-----------------------------------------------------------------------Week 7
Tuesday, Oct. 8
Collecting the Self, Collecting a Culture
Bohrer. “Inventing Assyria: Exoticism and Reception in Nineteenth Century England and
France,” 191-226.
Discussant: _______________________
Thursday, Oct. 10
Creating Historical Effects:
Preziosi. “General Introduction: What are Museums For?” 1-10
Hayden White. “The Fictions of Factual Representation.” 22-34
Discussants: White__________; Preziosi ____________
----------------------------------------------------------------------Week 8
Tuesday, Oct. 15
Etymology of the “museum”
Findlen. “The Museum: Its Classical Etymology and Renaissance Genealogy,” 159-190
Discussants______________; ______________
Thursday, Oct. 17
Building Shared Imaginaries/ Effacing Otherness
Preziosi. 229-235
Duncan. “From the Princely Gallery to the Public Art Museum,” 250-277.
Discussant: ______________
----------------------------------------------------------------------Week 9
Tuesday, Oct. 22
Building Shared Imaginaries/ Effacing Otherness
Grindstaff, “Creating Identity: Exhibiting the Philippines at the 1904 Louisiana Purchase
Exposition,” 298-319.
Discussant: ______________
Thursday, Oct. 24
Building Shared Imaginaries/ Effacing Otherness, contd
Esslinger. “Performing Identity: The Museal Framing of Nazi Ideology,” 320-339.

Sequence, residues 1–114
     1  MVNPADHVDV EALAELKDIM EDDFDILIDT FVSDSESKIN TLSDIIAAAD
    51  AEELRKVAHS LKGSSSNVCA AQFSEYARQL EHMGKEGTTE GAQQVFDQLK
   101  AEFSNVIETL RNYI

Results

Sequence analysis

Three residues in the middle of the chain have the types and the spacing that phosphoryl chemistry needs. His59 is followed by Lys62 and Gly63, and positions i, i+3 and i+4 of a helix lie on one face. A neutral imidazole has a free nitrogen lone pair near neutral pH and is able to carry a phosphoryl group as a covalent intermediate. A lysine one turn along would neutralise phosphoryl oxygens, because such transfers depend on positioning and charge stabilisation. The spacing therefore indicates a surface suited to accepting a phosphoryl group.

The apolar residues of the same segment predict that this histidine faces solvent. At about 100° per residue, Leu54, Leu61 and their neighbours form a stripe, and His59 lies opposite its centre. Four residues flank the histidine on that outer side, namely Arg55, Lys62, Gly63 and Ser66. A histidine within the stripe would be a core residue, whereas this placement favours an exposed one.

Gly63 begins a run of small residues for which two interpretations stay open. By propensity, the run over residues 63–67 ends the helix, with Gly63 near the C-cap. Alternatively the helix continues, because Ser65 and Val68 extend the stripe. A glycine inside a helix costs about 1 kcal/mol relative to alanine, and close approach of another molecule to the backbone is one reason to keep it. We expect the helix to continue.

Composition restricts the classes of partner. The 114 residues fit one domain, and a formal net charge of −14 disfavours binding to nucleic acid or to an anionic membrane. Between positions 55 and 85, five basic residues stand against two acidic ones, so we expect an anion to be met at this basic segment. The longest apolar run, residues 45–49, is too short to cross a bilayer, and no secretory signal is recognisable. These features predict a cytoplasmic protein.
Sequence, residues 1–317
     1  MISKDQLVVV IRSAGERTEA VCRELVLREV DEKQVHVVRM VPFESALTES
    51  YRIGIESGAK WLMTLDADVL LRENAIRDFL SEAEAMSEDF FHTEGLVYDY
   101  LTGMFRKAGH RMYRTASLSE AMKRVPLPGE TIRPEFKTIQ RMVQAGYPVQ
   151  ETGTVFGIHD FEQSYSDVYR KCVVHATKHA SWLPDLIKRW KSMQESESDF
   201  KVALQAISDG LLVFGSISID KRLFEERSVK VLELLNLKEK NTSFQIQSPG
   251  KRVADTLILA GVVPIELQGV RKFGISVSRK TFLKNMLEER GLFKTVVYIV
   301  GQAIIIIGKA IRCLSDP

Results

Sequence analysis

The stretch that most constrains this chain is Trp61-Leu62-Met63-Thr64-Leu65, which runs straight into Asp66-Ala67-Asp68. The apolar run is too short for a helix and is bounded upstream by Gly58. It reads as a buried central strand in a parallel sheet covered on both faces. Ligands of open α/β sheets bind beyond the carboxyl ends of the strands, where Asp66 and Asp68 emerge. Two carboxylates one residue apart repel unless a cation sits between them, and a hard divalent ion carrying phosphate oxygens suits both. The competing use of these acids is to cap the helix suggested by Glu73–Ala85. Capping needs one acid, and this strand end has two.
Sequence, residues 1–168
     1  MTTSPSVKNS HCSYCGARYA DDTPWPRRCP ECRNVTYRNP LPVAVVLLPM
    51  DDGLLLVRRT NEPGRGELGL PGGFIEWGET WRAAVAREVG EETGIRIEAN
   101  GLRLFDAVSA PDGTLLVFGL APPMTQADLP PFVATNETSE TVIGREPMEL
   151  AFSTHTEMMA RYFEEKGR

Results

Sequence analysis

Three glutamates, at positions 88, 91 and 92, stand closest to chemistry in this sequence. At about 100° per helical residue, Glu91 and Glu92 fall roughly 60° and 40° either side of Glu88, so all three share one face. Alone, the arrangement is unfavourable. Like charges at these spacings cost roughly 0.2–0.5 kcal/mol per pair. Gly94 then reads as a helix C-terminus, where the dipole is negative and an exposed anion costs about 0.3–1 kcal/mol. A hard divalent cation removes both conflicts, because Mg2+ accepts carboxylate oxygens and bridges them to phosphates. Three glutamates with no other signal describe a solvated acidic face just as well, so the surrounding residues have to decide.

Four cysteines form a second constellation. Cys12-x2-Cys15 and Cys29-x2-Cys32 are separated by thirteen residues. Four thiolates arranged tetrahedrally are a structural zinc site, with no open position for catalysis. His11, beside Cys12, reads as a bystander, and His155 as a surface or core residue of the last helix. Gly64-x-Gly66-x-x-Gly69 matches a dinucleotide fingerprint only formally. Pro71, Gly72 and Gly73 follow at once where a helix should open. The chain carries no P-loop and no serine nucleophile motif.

Discussant: _______________
---------------------------------------------------------------------Week 10
Tuesday, Oct. 29
Observing Subjects/Disciplining Practices
Foucault. “Texts/Contexts,” 371-379
Discussant: _______________________
Thursday, Oct. 31
No class today because of field trip which is in lieu of a class
---------------------------------------------------------------------Week 11
Tuesday, November 5
Observing Subjects/Disciplining Practices
Paul Q. Hirst. “Power/Knowledge.. .” 380-399.
Discussant: _______________________
Thursday, November 7
Observing Subjects/Disciplining Practices, contd.
Tony Bennett. “The Exhibitionary Complex. 413-441
Discussant: _______________________
---------------------------------------------------------------------Week 12
Tues. November 12
Observing Subjects/Disciplining Practices, contd.
Timothy Mitchell. “Orientalism and the Exhibitionary Order. 442-460
Discussant: __________________
Thu. November 14
Inclusions and Exclusions
Berelowitz. “The Museum of Contemporary Art, Los Angeles: An Account of
Collaboration between Artists, Trustees and an Architect,” 718-734.
Discussants: ______________________
-----------------------------------------------------------------------Week 13
Tues. November 19
Collecting as an obsession
Bruce Chatwin, UTZ
Thursday. November 21
Collecting recipes
Berelowitz, “A Contrast in European and U.S. Approaches to the Jewish Culinary
Heritage: Claudia Roden’s and Joan Nathan’s Jewish Cookbooks,” Journal of Modern
Jewish Studies ,Vol. 10, No 2, July 2011, 155-183.
--------------------------------------------------------------------Week 14
Tuesday, Noveber 26
Movie: The Rape of Europa (117) minutes
Thursday, November 28
------------------------------------------------------------------------Week 15
Tuesday, December 3
Thu. December 5
--------------------------------------------------------------------Week 16
Tuesday, December 10